What are the differences between bridging and routing?
A bridge is a device that connects two or more network segments. A routeris also a device that connects two or more network segments, so what is thedifference?
When a bridge is installed between two networks, it gathers the packets fromone network and repeats them at the other and vice-versa. This way, nodeson one network can talk to nodes on the other. Bridges also have suchfeatures as broadcast filtering to allow for greater efficiency and reducetraffic. Therefore, in its most simple form, a bridge is a two-port networkdevice that connects two network segments. Some advanced implementation ofbridging can monitor traffic and determine which nodes are on which segmentand later use this information while forwarding packets. A main factor tonote is the fact that bridging takes place in the Data-link Layer of theOSI reference model.
Routers, on the other hand, can be classified as packet exchanges orswitches. They deal with packets of information. Most importantly, routersoperate in the Network Layer of the OSI model. They interconnect networksegments, LANs and WANs. In their advanced forms, they can provide variousschemes of filtering, path control and traffic control functions.
Routers can handle one or more protocols such as TCP/IP, IPX, etc. Byoperating in the Network Layer, router allow networks to be segmented bycreating uniquely addressable networks. Each segment can have its ownnetwork number and this information used during packet addressing/delivery.
When a packet arrives at a router, its checksum information is verified toensure accuracy. The physical and data-link layer (layers below the networklayer) information is stripped. The network layer information is thendeciphered. If the packet is meant for the router that received it, therest of the information is processed. On the other hand, if the packet wasaddressed to another destination on the same network, the router simplyforwards the packet. Filtering controls are implemented at this point ifimplemented and packet might be discarded if the situation demands. If thedestination address belongs to a remote network, the router consults itsrouting table before forwarding the packet. The router maintains a routingtable internally to keep a picture of the network and the various paths ineffect. Sometime, the packet itself might contain source routinginformation and if this is the case, it is utilized by the router duringdelivery or forwarding. If the destination cannot be found or the hop countis exceeded (such a feature is sometimes used in protocols such as TCP/IP),the packet is discarded and an error message is sent back to the source ofthe packet.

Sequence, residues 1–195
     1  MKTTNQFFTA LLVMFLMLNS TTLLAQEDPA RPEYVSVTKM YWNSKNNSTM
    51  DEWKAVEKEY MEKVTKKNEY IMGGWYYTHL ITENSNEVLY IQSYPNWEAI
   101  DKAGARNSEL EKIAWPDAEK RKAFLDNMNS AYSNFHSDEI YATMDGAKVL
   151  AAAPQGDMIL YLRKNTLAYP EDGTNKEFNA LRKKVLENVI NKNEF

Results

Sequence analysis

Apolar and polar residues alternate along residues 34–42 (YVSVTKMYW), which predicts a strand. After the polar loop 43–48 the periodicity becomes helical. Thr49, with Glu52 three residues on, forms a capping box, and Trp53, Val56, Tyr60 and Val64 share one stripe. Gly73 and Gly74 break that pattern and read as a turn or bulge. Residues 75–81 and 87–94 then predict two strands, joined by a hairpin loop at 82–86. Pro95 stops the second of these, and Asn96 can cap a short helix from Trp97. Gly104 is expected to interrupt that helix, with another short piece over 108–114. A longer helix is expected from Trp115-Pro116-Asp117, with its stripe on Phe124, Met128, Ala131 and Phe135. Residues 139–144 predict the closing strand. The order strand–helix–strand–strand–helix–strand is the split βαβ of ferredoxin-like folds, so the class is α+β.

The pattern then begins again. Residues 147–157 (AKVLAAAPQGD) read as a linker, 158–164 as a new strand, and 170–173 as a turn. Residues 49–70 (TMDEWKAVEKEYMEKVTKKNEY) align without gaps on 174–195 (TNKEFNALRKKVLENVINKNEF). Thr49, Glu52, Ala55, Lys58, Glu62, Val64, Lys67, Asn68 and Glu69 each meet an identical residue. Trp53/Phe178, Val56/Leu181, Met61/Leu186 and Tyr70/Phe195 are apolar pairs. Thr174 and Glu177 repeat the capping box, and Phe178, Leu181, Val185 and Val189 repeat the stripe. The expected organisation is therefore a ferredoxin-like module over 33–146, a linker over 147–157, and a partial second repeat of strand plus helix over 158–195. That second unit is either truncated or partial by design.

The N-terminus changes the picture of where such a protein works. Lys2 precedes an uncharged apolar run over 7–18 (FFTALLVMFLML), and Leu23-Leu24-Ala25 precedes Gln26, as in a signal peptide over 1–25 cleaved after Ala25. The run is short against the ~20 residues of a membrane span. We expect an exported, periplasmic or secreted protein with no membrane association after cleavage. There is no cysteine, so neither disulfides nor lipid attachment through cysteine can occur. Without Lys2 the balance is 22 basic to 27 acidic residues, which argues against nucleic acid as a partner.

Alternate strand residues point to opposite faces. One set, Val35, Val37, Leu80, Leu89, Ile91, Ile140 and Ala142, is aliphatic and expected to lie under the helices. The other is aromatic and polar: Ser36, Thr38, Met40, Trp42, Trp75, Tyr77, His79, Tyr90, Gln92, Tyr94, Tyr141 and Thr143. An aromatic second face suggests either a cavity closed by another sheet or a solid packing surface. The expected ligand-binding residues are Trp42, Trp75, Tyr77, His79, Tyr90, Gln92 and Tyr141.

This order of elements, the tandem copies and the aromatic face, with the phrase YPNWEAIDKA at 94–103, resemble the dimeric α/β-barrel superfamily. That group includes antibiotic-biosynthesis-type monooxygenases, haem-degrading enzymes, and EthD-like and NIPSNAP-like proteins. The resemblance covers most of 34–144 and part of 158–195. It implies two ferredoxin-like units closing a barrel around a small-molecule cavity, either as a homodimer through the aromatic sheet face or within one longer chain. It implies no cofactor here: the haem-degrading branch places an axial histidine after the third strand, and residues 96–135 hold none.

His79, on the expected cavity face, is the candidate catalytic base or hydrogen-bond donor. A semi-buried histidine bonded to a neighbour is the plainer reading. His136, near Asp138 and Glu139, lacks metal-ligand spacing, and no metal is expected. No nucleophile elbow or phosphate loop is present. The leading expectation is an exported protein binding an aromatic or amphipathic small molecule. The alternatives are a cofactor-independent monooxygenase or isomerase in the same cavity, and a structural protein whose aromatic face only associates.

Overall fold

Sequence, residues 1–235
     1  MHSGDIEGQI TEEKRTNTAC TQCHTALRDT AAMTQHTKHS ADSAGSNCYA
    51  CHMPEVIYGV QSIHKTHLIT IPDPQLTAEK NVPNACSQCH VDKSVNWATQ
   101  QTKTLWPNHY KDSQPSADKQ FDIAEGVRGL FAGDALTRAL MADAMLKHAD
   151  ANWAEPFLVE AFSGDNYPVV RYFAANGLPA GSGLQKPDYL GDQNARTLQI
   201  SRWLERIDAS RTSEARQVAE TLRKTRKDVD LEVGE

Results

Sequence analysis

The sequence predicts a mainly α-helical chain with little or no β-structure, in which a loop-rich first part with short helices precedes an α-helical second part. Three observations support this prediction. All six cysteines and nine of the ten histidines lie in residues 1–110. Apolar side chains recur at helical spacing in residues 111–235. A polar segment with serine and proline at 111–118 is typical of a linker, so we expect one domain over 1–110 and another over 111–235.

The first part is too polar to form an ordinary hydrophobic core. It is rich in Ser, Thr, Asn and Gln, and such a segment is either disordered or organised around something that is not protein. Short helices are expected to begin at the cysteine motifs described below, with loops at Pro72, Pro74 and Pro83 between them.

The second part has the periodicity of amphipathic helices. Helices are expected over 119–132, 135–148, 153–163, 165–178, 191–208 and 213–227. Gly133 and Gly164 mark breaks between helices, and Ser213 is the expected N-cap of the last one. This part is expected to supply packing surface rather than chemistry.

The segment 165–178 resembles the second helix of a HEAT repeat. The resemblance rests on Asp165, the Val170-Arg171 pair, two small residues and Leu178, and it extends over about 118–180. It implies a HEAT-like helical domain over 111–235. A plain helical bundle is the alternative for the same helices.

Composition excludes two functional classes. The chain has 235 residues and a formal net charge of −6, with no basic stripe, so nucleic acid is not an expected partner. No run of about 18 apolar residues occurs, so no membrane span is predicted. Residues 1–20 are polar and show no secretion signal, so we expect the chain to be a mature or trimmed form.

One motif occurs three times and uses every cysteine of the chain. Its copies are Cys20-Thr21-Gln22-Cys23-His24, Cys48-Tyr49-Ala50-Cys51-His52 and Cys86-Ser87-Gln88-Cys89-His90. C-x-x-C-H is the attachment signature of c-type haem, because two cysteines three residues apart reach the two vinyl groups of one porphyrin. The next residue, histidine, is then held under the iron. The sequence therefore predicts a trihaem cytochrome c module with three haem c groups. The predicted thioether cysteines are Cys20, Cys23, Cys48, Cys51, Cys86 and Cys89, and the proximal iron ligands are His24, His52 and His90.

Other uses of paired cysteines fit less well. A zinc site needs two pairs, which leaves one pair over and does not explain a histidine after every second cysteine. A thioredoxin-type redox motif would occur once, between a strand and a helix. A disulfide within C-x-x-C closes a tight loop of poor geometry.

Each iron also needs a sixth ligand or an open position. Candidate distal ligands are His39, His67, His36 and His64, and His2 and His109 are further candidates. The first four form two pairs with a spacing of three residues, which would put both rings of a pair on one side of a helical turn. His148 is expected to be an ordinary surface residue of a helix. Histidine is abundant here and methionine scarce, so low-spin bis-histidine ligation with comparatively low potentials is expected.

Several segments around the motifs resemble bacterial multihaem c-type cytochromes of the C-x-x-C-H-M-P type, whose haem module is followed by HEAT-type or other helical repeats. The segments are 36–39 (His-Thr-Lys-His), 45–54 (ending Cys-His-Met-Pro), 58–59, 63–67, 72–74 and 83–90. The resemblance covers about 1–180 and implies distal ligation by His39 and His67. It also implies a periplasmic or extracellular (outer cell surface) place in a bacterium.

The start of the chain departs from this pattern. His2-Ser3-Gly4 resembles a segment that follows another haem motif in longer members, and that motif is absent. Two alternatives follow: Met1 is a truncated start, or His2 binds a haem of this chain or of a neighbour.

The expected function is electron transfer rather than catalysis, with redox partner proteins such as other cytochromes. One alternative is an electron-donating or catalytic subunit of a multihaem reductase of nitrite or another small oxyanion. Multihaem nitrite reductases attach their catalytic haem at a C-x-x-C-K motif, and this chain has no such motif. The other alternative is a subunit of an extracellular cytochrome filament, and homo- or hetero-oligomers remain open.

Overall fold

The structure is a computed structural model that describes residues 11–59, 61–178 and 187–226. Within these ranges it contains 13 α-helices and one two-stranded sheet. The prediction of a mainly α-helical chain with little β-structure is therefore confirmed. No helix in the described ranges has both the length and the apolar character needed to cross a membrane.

When two or more network segments are connected by bridges and a node sendsout a packet, a typical bridge would repeat the packet on all the segmentson the segments that are connected to it. Contrast this with routing whichis discussed below. A router would only copy the packet to the network thathosts the intended destination rather than send packets on all links.